A completely-in-the canal hearing aid works for mild to moderate hearing loss in adults. These are the tiniest and least visible, but generally most expensive. Their batteries are smaller and will have to be changed more often. Also, because of their miniature size they may be hard for some people to adjust.
This hearing aid style has the highest repair rate and can also be damaged by ear wax and ear drainage.
5. How will I know I need a hearing aid?
See your doctor first so such conditions as an ear infection, earwax build-up, or a tumor are not the cause of your hearing loss. This should be done before you reach the point that you can’t hear conversation easily or you think people are mumbling.
6. What is the best way to find an audiologist?
Your doctor will be able to refer you to one, or you can do your own investigation by asking friends who have bought hearing devices. Get as much information as you can before making an appointment. You need to go to an audiologist who sells several brands of hearing aids rather than only one. This will give you more choices better fitting your needs. Your audiologist should be certified by the American Speech Language Hearing Association.
7. What can an Audiologist do for me?
He will test your hearing and investigate your lifestyle to see exactly what your hearing needs are. For example, he will evaluate how you hear. He will want to know if you talk on the phone a lot, watch television, live alone or in an apartment complex, etc. These situations are just as important as the kind of hearing loss you may be suffering from.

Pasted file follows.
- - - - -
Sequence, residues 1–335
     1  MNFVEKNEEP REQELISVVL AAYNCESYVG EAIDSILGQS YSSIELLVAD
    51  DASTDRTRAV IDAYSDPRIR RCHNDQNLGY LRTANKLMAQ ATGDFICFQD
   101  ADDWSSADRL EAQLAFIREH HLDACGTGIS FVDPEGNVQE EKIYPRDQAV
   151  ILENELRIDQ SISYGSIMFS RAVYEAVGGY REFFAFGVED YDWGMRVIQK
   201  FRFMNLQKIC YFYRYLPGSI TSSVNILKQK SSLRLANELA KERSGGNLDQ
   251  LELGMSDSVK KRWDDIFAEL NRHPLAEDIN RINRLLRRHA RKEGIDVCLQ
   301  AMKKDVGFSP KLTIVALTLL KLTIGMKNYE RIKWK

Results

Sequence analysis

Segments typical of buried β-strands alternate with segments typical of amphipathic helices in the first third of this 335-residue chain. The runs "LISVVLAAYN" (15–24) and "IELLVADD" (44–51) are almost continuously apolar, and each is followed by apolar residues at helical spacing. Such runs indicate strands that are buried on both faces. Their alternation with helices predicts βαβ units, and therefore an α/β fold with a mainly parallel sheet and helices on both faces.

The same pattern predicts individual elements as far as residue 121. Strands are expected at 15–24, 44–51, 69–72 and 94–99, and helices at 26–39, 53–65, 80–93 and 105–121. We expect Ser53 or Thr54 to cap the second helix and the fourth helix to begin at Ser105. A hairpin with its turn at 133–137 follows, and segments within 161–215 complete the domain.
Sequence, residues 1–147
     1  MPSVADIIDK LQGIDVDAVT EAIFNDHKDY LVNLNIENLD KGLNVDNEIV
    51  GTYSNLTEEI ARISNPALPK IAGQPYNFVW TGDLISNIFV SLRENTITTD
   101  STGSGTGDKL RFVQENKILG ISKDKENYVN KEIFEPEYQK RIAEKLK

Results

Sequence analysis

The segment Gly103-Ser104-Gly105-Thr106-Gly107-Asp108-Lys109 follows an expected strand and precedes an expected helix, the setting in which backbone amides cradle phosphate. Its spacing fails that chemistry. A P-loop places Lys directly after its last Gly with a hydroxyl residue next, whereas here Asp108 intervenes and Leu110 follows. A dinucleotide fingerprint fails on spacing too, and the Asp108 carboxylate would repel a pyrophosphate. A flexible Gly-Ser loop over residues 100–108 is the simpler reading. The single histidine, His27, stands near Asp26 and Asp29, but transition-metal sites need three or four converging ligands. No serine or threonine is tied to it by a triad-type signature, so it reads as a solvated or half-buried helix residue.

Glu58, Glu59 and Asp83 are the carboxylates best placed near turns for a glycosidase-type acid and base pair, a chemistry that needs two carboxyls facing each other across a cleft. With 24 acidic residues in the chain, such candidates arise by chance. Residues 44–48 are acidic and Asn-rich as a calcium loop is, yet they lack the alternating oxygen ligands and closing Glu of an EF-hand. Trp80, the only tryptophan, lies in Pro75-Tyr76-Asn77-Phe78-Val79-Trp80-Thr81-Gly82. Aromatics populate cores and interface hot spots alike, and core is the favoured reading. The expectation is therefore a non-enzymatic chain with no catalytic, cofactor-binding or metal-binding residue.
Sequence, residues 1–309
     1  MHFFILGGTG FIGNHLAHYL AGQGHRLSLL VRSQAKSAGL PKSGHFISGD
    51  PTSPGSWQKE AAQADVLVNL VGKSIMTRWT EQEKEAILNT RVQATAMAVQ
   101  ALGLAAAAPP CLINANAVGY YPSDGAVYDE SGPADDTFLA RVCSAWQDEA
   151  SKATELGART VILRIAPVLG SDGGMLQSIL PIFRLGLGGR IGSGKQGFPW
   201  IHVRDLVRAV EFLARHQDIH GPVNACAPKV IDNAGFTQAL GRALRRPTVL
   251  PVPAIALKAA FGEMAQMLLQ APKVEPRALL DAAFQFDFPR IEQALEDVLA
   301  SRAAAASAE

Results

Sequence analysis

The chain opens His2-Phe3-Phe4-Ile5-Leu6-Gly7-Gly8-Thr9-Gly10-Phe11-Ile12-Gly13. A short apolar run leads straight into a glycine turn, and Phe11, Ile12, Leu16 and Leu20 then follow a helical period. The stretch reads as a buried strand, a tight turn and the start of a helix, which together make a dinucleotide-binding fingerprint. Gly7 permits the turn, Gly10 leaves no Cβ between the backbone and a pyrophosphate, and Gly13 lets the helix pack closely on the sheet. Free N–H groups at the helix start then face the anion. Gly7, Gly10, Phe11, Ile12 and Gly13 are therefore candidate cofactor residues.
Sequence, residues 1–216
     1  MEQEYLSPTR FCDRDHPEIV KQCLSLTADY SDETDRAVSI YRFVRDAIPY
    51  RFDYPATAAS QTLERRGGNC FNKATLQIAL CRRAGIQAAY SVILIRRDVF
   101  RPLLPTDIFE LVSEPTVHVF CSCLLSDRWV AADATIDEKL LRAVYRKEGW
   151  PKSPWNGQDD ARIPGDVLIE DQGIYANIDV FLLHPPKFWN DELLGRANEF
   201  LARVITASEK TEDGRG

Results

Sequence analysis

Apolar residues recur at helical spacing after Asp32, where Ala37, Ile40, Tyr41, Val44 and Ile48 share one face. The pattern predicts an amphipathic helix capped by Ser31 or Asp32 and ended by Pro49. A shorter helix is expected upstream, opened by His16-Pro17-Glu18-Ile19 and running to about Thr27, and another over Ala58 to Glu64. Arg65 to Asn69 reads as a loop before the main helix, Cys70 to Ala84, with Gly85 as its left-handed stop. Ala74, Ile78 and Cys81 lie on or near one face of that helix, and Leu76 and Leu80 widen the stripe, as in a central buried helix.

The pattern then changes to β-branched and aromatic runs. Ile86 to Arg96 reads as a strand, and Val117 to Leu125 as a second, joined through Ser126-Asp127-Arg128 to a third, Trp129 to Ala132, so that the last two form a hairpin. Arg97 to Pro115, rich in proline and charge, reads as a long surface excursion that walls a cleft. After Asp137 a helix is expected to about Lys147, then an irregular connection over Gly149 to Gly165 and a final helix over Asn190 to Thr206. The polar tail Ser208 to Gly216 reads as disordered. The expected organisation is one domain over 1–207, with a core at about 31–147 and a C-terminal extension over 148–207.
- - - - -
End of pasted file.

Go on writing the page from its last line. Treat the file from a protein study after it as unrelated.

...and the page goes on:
8. What if I find a hearing aid too difficult to use?
That’s another important part of the audiologist’s job. He will see that your hearing aid fits and that you know what to do about the batteries. He will also see to it that you understand how to operate your hearing aid. That’s why some audiologists offer classes so that you can learn how to adjust to your hearing aid and you can get with others who also have hearing loss.
9. Do hearing aids come with warranties?
Some do, others don’t. You will want the warranty just in case anything goes wrong. It goes without saying your warranty should cover parts and labor. A good company will back up its product.
10. I’m still concerned about something happening to my hearing aid
Don’t be. Get everything in writing ahead of time and you will know what to do if your hearing aid is damaged or lost.
11. Can a new hearing aid really give me my hearing back?
No. It is unfortunate that you will not have natural hearing from today’s hearing aids, but many can go a long way toward helping you hear. That’s a big difference. You should never believe hype that promises you complete hearing.
12. What if my new hearing aid doesn’t work for me?
Get everything in writing before you buy. Make sure you will have a guarantee and trial period and that you can bring it back if it doesn’t work for you.
With a little research you can quickly become an expert in concerning your hearing needs and care. You will know which hearing aids work best for your unique hearing loss and how to operate your hearing aid properly to get the maximum advantages.none